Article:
challenge.protectionSpace.serverTrust. Because we are overriding the authentication
delegates, we must now explicitly call the function which performs
the standard certificate chain checks that
we've just discussed. Do
this by calling the SecTrustEvaluate function. Then we can compare the server's certificate with an expected one.

Here is an example implementation.

To use this code, set the delegate of the URLSession when creating your connection.

Make sure to include the certificate in your app bundle. If your
certificate is a .pem file, you will need to convert it to a .cer file in the macOS terminal:

openssl x509 -inform PEM -in mycert.pem -outform DER -out certificate.cer

Now, if the certificate is changed by an attacker, your app will detect it and refuse to make the connection.

Note that some third-party libraries such as AFNetworking
support pinning already.

Sanitization and Validation

With all of the protections so far, your connections should be pretty secure against man in the middle attacks. Even so, one important rule regarding network
communications is never to blindly trust the data you are receiving.
In fact, it's good programming practice to design by contract. The
inputs and outputs of
your methods have a contract that defines specific interface
expectations; if the interface says it will return an NSNumber, then
it should do so. If your server is expecting a string of 24 characters or fewer, make sure that the interface will only return up to 24

This helps prevent innocent errors, but more importantly, it can also reduce the
likelihood of various injection and memory corruption attacks. Common
parsers such as the JSONSerialization class will convert text into Swift data types where these kinds of test can be done.

Other parsers may work with Objective-C equivalent objects. Here is a way to validate that
an object is of the expected type in Swift.

Before you send a delegate a method, make sure the
object is of the right type so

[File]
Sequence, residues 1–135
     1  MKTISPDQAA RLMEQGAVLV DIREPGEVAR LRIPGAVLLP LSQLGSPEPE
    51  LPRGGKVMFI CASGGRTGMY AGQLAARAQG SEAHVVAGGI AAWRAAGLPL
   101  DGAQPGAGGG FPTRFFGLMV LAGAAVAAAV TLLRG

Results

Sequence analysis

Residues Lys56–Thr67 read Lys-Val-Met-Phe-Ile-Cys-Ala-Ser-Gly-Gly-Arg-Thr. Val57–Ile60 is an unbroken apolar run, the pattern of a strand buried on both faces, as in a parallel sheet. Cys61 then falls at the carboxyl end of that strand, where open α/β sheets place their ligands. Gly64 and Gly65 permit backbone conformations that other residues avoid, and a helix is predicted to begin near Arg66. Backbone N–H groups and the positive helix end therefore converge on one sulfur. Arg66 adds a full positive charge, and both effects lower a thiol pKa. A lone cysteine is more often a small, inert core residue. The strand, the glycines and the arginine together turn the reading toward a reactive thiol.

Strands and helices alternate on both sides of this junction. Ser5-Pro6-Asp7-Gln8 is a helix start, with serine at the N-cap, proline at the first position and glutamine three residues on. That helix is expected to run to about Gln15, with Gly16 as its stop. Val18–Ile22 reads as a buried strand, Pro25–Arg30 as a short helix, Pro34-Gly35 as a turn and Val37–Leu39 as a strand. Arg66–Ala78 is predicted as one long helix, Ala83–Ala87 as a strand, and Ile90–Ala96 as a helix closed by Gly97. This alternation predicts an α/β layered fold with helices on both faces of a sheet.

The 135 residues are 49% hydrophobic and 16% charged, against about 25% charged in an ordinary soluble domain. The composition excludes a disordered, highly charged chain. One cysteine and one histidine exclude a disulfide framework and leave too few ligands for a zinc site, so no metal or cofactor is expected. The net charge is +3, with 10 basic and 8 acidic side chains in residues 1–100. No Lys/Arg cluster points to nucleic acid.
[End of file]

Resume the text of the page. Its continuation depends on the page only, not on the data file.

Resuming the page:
that it will respond to the method—otherwise the app will crash with an “unrecognized selector” error.

Additionally, you can see if an object conforms to a
protocol before trying to send messages to it:

Or you can check that it matches a Core Foundation object type.

It's a good idea to carefully choose which information from the
server the user can see. For example, it's a bad idea to display an
error alert that directly passes a message from the server.
Error messages could disclose debugging and security-related
information. One solution is to have the server send specific error codes that cause the client to show
predefined messages.

Also, make
sure you encode your URLs so that they only contain valid characters.
NSString’s stringByAddingPercentEscapesUsingEncoding will work. It
does not encode some characters such as ampersands and plus signs, but
the CFURLCreateStringByAddingPercentEscapes function allows
customization of what will be encoded.

Sanitizing User Data

sending data to a server, be extremely careful when any user input is
passed into commands that will be executed by an SQL server or a
server that will run code. While securing a server against such
attacks is beyond the scope of this article, as mobile developers we
can do our part by removing characters for the language that the
server is using so that the input is not susceptible to command
injection attacks. Examples might be stripping quotes, semicolons,
and slashes when they are not needed for the specific user input.

is good practice to limit the length of user input. We can limit the number of characters typed
in a text field
by setting the
delegate and then implementing its shouldChangeCharactersInRange
delegate method.

For a UITextView, the delegate method to implement this

User input can be further validated so that the input
is of an expected format. For example, if a user is to enter an email
address, we can check for a valid address:

If a user is uploading an image to the server, we can